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Trudeau admits he did not recuse himself from WE contract vote

Trudeau did not recuse himself from Cabinet decision on WE charity
WATCH: Trudeau did not recuse himself from Cabinet decision on WE charity

Prime Minister Justin Trudeau admitted Wednesday he did not recuse himself from the final decision made by cabinet to award a now-scrapped $900 million contract with WE Charity that would provide student volunteer funding — despite his family’s ties to the organization.

He said the recommendation to outsource the new Canada Student Service Grant to WE was made by the non-partisan public service, but the decision to award the organization was ratified by cabinet.

When asked if he recused himself from that discussion and decision-making, Trudeau replied: “No, I did not.”

Read more: Trudeau says civil service chose WE Charity for partnership on student grant program

“I have long worked on youth issues, both before I got into politics and since I’ve been in politics as youth critic,” he said.

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“Getting young people involved in serving their country, recognizing their desire to build a better Canada, particularly due to through this time of crisis, is something that I believe in deeply.”

The move to approve the WE contract has been heavily criticized by Conservatives and NDP MPs who have called it a conflict of interest, adding it circumvents Parliament’s ability to monitor the program and hold the federal government accountable.

Conservative MP says party won’t force election over WE Charity controversy after contract cancelled
Conservative MP says party won’t force election over WE Charity controversy after contract cancelled

Members of the Trudeau family have regularly appeared at WE fundraising events, including the prime minister, his mother and his wife Sophie Grégoire Trudeau, who hosts a podcast with the charity called WE Well-Being. Trudeau has insisted that there is no conflict of interest as neither he, nor his family are paid for their appearances.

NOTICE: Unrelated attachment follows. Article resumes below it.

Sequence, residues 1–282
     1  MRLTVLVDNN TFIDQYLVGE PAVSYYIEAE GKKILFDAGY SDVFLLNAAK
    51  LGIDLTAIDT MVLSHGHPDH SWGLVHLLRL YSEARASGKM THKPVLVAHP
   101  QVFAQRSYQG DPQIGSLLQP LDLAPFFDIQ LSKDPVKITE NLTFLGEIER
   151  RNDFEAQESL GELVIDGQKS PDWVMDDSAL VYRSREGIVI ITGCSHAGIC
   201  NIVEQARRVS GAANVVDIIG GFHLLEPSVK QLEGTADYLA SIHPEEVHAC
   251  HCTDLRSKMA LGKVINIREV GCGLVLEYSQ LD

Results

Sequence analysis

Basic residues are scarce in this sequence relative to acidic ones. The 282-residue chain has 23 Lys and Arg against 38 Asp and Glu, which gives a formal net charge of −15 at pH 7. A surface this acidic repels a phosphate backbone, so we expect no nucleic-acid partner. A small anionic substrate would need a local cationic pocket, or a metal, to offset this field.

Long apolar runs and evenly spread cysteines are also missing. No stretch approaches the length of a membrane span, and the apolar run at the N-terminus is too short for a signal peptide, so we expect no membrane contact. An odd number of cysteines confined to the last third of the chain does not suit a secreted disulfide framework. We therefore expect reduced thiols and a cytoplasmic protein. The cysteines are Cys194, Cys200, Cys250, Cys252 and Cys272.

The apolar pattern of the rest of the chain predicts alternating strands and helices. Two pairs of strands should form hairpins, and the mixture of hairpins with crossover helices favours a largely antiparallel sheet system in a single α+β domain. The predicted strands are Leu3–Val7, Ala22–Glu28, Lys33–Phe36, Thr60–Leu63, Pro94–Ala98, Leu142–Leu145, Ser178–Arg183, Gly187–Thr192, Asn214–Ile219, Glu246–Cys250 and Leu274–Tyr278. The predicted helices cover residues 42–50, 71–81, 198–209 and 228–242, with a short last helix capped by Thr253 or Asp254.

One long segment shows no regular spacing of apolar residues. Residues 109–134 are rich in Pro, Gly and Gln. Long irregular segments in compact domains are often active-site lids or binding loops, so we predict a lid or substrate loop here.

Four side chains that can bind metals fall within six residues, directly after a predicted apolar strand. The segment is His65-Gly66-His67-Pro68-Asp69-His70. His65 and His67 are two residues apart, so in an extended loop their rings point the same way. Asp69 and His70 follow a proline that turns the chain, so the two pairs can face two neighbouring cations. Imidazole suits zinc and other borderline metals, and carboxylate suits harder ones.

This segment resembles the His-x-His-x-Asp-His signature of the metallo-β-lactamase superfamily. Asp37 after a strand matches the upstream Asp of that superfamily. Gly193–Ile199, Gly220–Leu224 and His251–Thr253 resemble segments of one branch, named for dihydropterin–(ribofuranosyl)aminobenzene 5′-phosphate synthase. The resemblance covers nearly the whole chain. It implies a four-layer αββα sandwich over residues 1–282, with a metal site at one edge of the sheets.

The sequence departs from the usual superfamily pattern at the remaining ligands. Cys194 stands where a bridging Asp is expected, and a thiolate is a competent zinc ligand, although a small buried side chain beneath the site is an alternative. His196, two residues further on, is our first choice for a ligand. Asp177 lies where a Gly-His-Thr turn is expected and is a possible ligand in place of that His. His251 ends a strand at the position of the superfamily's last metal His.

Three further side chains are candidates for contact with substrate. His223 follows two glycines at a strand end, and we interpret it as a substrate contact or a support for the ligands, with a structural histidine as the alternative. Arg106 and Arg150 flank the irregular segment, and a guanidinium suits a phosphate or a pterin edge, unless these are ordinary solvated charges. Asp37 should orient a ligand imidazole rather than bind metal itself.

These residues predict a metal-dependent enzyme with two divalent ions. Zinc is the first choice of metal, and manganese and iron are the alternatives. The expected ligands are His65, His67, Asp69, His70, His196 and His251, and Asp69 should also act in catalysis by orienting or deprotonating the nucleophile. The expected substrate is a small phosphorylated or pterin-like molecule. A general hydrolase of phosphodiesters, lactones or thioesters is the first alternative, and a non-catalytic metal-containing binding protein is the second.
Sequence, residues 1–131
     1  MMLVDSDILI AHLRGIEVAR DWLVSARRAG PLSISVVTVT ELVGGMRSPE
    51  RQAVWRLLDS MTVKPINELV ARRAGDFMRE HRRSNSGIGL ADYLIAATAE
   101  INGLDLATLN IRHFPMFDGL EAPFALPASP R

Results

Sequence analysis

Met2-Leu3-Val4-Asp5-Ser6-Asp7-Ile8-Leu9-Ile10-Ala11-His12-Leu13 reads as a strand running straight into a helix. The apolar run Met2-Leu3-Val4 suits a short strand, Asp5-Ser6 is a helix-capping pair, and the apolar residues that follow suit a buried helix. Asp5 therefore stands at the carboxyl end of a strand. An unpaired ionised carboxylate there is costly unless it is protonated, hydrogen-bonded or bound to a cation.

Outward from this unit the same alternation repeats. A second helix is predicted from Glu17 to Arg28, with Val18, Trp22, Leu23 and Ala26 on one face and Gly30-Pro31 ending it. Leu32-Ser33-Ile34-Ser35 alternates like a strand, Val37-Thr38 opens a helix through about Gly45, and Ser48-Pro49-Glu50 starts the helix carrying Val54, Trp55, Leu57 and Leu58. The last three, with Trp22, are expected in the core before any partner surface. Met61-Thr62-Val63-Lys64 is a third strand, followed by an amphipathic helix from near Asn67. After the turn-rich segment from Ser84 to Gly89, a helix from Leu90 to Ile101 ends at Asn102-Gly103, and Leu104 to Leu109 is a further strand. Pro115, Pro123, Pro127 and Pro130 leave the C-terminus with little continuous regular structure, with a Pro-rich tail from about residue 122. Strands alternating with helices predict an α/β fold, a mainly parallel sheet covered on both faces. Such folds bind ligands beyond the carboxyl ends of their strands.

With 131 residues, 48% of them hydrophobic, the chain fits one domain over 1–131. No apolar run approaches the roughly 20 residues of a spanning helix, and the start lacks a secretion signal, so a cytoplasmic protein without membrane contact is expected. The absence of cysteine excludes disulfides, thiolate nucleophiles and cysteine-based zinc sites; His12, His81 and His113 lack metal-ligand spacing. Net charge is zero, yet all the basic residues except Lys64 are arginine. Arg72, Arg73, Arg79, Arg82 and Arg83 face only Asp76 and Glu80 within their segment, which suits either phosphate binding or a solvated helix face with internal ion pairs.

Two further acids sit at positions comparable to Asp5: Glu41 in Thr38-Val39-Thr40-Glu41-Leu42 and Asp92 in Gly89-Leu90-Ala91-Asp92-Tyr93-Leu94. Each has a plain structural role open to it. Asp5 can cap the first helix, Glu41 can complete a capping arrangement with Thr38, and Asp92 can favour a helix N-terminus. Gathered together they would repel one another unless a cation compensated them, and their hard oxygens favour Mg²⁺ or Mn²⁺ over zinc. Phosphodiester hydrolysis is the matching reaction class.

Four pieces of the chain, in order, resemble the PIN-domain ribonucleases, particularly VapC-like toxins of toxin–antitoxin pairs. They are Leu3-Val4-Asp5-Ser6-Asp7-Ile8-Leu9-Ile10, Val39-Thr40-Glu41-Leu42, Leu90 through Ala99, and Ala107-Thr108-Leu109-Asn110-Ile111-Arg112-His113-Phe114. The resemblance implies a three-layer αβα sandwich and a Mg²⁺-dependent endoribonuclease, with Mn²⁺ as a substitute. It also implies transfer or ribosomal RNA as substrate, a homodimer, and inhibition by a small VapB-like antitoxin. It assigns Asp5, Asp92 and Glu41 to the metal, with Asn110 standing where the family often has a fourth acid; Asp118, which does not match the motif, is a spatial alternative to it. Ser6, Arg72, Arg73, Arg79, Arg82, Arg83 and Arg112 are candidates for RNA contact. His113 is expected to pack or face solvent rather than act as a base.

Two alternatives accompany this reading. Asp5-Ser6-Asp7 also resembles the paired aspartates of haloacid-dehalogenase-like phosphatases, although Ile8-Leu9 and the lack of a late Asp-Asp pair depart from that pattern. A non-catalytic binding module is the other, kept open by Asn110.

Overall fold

The agreement with WE Charity came to an end on Friday, though the federal government said they will still be administering pandemic-related grants. Several days before, Trudeau told reporters WE Charity was the country’s “best and only” organization capable of administering the $900 million program.

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Minister for Diversity, Inclusion and Youth Bardish Chagger said in a statement Friday that the cancellation was “mutually agreed upon” by both the Canadian government and the charitable organization.

Read more: COMMENTARY: Canadians deserve answers on Prime Minister Trudeau’s ties to WE Charity

“The government of Canada and WE Charity will work together to ensure that the volunteers who have applied and been placed won’t be adversely affected,” the statement read. “WE Charity has also decided to return any funds that had already been received.”

The program was slated to allow recent graduates and students access to up to $5,000 for a maximum of 500 hours of volunteer work with non-profit organizations during the COVID-19 pandemic and was expected to position up to 20,000 students in volunteer posts between June and October.

That same day, the federal ethics commissioner launched an investigation into Trudeau’s conduct after both NDP MP Charlie Angus and Conservative MP Michael Barrett wrote letters alleging the prime minister had breached three subsections of the Conflict of Interest Act, which forbids elected officials from giving preferential treatment, making decisions where there is a conflict of interest and requires them to recuse themselves from votes or decisions if one is found.

Ethics watchdog investigating Trudeau over WE Charity’s $912-million contract
Ethics watchdog investigating Trudeau over WE Charity’s $912-million contract

“This is not to question the work of WE or their dedication to young people. It is a question of whether or not the Prime Minister’s decision was influenced by his close family connections to this organization,” Angus wrote in his letter to Ethics Commissioner Mario Dion.

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A spokesperson from the Prime Minister’s Office said in a previous statement to Global News that Trudeau will “of course, collaborate with the commissioner and answer any questions he may have.”

This is the third time in three years Trudeau has been suspected of breaching the Conflict of Interest Act. In August of last year, Dion ruled that Trudeau had exercised improper political influence during the SNC-Lavalin scandal.

In April 2019, he was found in violation of the Act after accepting a free vacation in the Bahamas with billionaire philanthropist Aga Khan.